As described above, according to the first embodiment, the ventilating channel 26, which is separate from a channel below the coils 10, is provided at a side of each coil 10 using any of the spacers 20 to 20I. Since coolant gas guided to the radially outward side by rotational centrifugal force is taken in and does not return to the channel below the coils 10, coolant gas can be effectively used to cool the sides of the coils 10. This makes it possible to achieve temperature distributions as shown in FIG. 28 better than those of a conventional rotor shown in FIG. 33. Also, it is possible to perform uniform cooling by changing the positions of the contacting portions 21 of each spacer 20.

Provision of the through holes 31 for discharging coolant gas flowing between the coils 10 toward the air gap in the teeth 33 of the rotor core 30 makes it possible to discharge coolant gas whose temperature is increased after cooling between the coils 10 toward the air gap without letting the coolant gas flow into the rotor. The configuration is advantageous to a large rotating machine which requires minimization of the temperature of gas flowing into the rotor.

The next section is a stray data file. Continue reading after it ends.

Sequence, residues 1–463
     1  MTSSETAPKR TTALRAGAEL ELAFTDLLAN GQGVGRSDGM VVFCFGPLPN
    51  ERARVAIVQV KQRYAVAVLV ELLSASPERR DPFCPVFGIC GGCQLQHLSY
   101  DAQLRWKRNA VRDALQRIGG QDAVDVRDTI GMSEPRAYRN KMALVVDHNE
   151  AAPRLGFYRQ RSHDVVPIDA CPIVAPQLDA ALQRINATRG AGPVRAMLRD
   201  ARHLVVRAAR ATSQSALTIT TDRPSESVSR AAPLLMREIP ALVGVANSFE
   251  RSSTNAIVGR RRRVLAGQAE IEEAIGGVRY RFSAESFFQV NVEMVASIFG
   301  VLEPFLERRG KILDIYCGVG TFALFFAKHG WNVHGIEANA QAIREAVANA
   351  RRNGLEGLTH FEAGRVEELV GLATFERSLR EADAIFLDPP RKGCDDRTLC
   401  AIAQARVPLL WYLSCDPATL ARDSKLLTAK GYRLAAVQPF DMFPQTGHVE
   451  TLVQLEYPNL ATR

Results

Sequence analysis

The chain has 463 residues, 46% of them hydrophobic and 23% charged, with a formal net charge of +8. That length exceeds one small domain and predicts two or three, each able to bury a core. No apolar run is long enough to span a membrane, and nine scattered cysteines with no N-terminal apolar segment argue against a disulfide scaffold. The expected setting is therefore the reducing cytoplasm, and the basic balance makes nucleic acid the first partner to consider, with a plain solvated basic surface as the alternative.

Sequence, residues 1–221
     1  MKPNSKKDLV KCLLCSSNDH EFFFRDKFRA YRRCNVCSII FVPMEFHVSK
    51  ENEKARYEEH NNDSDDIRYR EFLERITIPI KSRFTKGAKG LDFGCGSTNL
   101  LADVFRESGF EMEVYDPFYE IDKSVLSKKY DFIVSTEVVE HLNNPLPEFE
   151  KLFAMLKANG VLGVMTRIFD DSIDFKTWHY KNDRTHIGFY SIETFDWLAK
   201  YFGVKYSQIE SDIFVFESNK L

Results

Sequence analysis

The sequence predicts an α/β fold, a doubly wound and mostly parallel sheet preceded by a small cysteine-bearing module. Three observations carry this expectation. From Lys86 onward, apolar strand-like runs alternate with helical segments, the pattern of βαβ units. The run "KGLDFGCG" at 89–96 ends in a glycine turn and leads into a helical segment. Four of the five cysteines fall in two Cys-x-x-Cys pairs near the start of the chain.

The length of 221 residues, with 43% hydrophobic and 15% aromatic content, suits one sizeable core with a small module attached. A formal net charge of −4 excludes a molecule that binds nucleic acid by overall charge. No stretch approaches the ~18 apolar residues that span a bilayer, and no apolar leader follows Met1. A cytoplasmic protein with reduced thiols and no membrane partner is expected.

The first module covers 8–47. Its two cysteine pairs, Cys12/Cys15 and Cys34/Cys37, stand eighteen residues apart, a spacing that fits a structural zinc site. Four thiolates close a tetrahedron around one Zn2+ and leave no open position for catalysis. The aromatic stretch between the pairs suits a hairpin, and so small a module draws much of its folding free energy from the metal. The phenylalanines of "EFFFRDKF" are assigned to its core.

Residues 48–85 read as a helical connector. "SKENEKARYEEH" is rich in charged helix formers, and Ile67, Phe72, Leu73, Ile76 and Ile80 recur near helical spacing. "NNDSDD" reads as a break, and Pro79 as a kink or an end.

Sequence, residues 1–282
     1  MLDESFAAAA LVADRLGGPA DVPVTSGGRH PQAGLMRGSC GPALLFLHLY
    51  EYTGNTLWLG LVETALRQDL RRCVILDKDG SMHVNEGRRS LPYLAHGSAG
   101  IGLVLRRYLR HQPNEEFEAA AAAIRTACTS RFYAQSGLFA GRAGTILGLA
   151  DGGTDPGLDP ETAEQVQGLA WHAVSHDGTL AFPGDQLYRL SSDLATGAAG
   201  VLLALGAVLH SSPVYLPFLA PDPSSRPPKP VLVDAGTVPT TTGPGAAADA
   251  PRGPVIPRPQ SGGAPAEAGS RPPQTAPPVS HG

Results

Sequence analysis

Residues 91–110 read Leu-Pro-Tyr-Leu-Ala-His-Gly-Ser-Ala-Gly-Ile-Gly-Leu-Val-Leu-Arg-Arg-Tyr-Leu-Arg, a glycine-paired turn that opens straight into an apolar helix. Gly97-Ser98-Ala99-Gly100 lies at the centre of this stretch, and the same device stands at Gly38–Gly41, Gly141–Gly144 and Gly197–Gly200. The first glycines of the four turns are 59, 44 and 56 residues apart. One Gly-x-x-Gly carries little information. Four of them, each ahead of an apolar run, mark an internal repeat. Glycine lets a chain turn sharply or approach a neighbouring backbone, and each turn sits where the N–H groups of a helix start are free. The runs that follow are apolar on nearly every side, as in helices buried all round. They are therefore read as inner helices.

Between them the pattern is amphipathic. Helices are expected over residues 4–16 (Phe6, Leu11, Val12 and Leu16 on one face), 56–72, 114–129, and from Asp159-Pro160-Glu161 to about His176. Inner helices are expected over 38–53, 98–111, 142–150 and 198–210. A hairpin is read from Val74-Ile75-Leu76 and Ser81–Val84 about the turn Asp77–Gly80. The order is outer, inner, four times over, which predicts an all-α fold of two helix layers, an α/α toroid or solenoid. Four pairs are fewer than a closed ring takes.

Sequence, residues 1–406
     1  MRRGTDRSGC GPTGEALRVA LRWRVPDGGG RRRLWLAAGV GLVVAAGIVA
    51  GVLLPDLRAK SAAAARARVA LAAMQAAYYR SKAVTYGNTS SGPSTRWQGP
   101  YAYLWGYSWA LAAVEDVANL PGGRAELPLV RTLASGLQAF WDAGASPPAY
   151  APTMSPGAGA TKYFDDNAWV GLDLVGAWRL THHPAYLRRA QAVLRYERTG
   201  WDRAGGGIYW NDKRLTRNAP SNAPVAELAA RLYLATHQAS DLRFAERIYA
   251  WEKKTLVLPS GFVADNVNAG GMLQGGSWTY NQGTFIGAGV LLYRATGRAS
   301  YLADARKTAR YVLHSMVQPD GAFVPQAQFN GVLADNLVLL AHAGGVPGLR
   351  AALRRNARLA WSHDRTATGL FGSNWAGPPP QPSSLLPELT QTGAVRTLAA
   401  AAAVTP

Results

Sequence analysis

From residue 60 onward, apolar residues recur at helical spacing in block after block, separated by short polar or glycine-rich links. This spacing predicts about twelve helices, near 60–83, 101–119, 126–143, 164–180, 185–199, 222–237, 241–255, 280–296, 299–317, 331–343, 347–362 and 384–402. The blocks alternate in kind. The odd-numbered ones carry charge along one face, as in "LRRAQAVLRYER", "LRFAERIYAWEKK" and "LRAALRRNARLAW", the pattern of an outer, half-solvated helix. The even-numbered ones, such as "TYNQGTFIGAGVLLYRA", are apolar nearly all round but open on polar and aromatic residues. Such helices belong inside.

Horizontal splitting of the ventilating channel 26 at a side of the coil 10 into two makes it possible to reduce imbalance, i.e., restrain much of coolant gas from flowing to the radially outward side due to centrifugal force and perform uniform cooling. By forming the coil contacting portion 21b of the spacer 20 for splitting the ventilating channel 26 into two to be wavy, it is possible to axially change a turn position where the coil is not cooled and expect uniform cooling.